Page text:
Tubal Reversal Surgery Allows Conception To Occur After Sterilization

Tubal ligation is a common procedure many women undergo each year, when they decide they don’t wish to have more children. However, a number of these women will later find themselves wanting to have another baby. The good news is that tubal reversal surgery can restore the ability to conceive, making pregnancy once again possible.

Tubal ligation surgery involves clamping, cutting, or cauterizing the fallopian tubes which flank each side of the uterus, and permit the passage of a ripened ovum the ovaries. When this procedure if reversed, the remaining segments must be rejoined in order that the egg can again be put in a position to be fertilized when released. The success of this surgery depends on several factors.

The method the surgeon used to ligate the tubes plays a key role in determining if reversal is possible. It is important that the fimbriae are intact, these are funnel-like structures which guide the mature egg into the tube. The length of the remaining segments of the tubes also matters, as the greater the length the better the chance of a successful outcome.

Any woman who is interested in undergoing this procedure will need to meet with a gynecological surgeon who can perform it. During this consultation, the doctor will answer the patient’s questions and give her a clear explanation of what the surgery entails. Most often a preliminary assessment of the tubes will be needed in the form of an ultrasound or a dye test called a hysterosalpingogram.

The best candidates for this procedure are those whom have had their tubes sealed off with removable clips or have only a had a tiny amount of tissue taken from each tube. Better results are normally seen if the original ligation surgery was performed immediately following childbirth and the woman is a younger age. If there is excessive scarring or the tube lengths are too short it will reduce the chances of a successful reversal.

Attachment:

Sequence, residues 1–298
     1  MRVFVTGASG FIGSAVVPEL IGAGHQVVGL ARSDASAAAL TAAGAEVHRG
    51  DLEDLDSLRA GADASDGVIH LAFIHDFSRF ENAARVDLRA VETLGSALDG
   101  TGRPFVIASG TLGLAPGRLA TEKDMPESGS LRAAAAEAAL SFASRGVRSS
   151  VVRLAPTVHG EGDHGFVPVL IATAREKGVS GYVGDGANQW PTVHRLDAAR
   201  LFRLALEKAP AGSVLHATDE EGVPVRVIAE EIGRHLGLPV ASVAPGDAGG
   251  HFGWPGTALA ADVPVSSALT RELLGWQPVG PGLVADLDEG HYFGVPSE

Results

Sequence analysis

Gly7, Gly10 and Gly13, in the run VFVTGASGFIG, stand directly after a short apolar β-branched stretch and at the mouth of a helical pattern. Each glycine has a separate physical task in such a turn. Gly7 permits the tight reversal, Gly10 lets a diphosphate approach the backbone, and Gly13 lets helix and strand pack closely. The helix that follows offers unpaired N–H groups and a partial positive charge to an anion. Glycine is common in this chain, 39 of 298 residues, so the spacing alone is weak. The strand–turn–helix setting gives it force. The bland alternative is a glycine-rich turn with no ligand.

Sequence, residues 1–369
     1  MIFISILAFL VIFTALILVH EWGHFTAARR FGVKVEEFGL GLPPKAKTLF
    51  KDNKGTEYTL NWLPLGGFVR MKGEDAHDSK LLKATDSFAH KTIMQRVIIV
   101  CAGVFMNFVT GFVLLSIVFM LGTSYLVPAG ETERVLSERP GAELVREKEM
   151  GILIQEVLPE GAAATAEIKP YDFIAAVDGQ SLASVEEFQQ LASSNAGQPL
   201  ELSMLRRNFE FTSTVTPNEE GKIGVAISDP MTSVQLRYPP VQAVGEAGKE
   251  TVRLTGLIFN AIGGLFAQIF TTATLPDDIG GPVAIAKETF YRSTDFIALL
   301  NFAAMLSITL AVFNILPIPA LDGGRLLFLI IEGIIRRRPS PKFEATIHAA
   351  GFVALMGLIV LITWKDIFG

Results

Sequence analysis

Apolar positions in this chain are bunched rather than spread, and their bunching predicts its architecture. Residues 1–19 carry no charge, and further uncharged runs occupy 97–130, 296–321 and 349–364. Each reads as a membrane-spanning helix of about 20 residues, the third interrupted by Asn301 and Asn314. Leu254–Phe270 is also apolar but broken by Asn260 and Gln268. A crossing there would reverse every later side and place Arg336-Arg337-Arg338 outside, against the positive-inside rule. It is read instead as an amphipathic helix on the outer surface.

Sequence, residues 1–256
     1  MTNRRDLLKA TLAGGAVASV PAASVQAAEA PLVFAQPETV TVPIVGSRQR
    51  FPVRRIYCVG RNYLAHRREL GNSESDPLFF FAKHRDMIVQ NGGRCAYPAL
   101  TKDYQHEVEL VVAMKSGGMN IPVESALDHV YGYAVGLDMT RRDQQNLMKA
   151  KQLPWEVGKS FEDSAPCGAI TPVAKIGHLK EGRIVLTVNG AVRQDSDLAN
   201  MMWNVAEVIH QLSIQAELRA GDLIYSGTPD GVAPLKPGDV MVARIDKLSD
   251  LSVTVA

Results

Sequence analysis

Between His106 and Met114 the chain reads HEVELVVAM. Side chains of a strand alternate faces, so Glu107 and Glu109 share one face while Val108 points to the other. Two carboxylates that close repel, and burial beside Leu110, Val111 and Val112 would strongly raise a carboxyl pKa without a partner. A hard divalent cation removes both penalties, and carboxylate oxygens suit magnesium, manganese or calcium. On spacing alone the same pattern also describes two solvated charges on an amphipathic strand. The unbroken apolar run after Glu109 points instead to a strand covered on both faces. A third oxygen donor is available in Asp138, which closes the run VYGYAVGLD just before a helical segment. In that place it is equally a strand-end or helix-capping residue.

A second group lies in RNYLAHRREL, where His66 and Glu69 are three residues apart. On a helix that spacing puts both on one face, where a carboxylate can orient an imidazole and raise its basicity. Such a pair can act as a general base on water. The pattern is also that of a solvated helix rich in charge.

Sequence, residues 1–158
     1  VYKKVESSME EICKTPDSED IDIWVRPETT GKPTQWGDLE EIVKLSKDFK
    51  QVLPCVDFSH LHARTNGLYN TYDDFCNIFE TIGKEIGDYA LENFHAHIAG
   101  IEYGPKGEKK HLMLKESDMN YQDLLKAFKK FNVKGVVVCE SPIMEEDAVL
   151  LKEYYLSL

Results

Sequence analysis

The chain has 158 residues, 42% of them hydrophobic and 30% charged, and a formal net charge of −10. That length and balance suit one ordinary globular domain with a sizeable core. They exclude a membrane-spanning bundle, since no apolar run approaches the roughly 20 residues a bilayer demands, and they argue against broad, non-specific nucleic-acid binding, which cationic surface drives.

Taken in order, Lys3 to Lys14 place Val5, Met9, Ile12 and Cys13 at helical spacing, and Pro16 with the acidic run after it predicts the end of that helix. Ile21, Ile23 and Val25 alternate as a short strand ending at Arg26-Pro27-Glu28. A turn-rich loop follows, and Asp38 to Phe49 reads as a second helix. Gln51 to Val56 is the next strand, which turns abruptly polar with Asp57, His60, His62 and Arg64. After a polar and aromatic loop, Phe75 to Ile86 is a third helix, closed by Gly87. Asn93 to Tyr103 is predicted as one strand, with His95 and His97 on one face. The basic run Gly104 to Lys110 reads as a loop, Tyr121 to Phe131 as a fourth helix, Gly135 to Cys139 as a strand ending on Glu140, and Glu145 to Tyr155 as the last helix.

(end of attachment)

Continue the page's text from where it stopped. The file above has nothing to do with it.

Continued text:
The operation will be performed under a general anesthetic. A lighted instrument called a laparoscope will be inserted through the navel to allow the surgeon to clearly view the pelvic area. An incision will then be made just above the pubic bone to access the fallopian tubes and they will then be either carefully sutured back together or if clips were used, these will be removed.

The surgery takes about two to three hours. It is often performed on an out-patient basis, with the woman being able to return home after several hours. There may be some slight discomfort afterwards, but this can be managed with a prescription provided by the doctor for analgesics. The woman may need a second dye test in a few months to confirm that the tubes are open and working as they should be.

The overall success rate for tubal reversal surgery depends on a number of variables including the woman’s age, skill of the surgeon, amount of scarring present in the tubes, and the level of fertility of both partners. Generally the procedure is anywhere from 40 to 85 % effective. Most women who do become pregnant will do so within a year of undergoing the surgery.

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